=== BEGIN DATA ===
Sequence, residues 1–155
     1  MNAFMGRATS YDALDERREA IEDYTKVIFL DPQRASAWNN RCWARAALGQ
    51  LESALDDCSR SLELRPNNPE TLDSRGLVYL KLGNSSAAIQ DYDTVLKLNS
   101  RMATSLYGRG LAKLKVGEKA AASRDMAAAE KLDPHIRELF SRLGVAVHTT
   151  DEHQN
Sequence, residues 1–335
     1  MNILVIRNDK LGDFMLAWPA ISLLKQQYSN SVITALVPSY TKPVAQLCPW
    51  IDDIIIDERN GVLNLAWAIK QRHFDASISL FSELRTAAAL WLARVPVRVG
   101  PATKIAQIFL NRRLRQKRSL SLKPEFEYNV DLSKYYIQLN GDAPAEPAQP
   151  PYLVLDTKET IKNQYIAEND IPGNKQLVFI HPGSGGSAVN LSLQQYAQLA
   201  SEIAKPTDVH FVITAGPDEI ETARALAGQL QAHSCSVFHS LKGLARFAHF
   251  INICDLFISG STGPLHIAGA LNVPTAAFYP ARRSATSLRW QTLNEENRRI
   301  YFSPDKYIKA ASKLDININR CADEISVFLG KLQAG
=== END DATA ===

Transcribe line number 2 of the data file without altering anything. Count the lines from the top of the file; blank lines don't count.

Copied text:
     1  MNAFMGRATS YDALDERREA IEDYTKVIFL DPQRASAWNN RCWARAALGQ